The Bandaged Place

In Self-Compassion by christine

The Bandaged Place

Don’t turn away.  Keep your gaze on the bandaged place.  That’s where the light enters you. 


The poet Rumi suggested that there is a correlation between our wounds and our awakening. Elizabeth Kubler Ross stated 

“The most beautiful people we have known are those who have known defeat, known suffering, known struggle, known loss, and have found their way out of the depths.  These persons have an appreciation, a sensitivity, and an understanding of life that fills them with compassion, gentleness, and a deep loving concern.  Beautiful people do not just happen”.

~Elizabeth Kubler Ross

This ideology continually gets strengthened for me in both my personal and professional life.  I find that the people who have overcome adversity are the ones that come closest to achieving self-actualization.  What is self-actualization you ask?  A self-actualized person is often one who has attaining a sense of spiritual enlightenment and wisdom.  Self-actualization encompasses a drive for knowledge and growth, creativity, altruism, acceptance, grace, and “integrates the ‘real self’ and the ‘ideal self’ thereby cultivating the emergence of the ‘fully functioning person’” (Carl Rogers, the founder of Humanistic psychotherapy).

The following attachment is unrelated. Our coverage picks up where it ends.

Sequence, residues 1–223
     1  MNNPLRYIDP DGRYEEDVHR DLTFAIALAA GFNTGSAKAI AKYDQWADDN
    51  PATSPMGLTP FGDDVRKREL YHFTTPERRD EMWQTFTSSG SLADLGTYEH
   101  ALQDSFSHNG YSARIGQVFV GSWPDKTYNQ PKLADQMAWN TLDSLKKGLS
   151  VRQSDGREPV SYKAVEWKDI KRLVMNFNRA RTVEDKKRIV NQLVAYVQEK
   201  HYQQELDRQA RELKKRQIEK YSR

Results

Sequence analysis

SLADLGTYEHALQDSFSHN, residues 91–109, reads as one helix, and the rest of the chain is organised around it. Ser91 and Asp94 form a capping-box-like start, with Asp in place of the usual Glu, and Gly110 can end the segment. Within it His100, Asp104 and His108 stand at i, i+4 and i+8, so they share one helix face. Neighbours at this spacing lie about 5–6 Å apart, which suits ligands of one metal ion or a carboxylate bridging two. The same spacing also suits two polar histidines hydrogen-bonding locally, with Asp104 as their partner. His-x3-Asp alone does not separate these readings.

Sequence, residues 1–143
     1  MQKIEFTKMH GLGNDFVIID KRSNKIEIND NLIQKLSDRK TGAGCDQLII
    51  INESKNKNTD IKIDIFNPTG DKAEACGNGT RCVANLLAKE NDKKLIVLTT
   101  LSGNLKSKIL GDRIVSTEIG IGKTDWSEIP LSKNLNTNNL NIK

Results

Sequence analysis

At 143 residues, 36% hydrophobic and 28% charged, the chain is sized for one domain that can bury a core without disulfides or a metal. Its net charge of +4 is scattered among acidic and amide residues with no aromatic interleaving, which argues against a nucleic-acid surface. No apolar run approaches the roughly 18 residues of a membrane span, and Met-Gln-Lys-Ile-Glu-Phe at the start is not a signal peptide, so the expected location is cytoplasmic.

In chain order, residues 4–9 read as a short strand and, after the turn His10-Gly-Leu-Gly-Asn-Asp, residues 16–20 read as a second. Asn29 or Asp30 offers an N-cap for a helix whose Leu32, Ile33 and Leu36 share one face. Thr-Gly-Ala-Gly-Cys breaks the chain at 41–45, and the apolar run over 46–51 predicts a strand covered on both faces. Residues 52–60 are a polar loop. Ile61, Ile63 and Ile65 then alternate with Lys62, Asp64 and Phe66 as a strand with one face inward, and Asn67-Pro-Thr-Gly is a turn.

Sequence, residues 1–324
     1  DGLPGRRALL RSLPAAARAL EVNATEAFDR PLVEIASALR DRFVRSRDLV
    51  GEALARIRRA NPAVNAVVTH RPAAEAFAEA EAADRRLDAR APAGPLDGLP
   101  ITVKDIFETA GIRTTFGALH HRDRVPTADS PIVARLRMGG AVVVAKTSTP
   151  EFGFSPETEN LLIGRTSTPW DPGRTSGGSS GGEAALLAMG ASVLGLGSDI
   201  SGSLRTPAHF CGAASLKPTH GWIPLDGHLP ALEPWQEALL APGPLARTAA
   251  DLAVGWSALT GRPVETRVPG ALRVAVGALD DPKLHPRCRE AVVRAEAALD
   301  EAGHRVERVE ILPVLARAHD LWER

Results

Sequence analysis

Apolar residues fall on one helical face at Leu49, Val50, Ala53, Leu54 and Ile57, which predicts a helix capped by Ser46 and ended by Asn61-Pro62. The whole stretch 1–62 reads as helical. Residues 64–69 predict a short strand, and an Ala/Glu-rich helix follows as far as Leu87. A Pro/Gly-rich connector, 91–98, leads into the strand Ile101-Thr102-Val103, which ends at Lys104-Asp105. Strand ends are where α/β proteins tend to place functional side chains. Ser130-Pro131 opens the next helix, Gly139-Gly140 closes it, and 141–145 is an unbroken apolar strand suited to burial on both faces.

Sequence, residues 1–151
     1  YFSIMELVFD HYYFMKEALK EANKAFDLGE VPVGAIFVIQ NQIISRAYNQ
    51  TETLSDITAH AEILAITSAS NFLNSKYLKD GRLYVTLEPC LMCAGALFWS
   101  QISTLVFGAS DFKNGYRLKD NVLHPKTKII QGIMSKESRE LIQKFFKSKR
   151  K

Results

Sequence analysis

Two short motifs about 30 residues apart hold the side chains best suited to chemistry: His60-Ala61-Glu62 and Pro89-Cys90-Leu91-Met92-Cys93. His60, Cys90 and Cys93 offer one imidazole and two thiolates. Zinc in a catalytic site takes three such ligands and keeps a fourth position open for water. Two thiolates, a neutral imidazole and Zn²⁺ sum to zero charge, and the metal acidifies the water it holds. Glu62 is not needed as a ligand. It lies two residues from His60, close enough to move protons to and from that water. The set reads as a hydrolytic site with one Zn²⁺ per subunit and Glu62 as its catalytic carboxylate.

And yet, when people are experiencing pain and distress, there is often an overwhelming sense of shame present.  People are more apt to hide their bandaged place, causing it to fester, and thus prolong or impede needed healing.  When we chose to look directly at our bandaged place and validate our pain, it stirs self-compassion towards our wounds and raw vulnerability.  Shining the light into this pain does not create pain to worsen – it ultimately brings us, the sufferer, new perspective and clarity.  Going to the root of pain can be daunting and downright scary, especially solo.  Psychotherapy helps!  A counsellor can guide you to the places you need to go to assist in healing your bandaged places.

If you are unsure how to navigate your healing journey, reach out to me, or another mental health practitioner.  You are deserving of not just surviving your pain but using it as the mechanism that can enable you to truly thrive.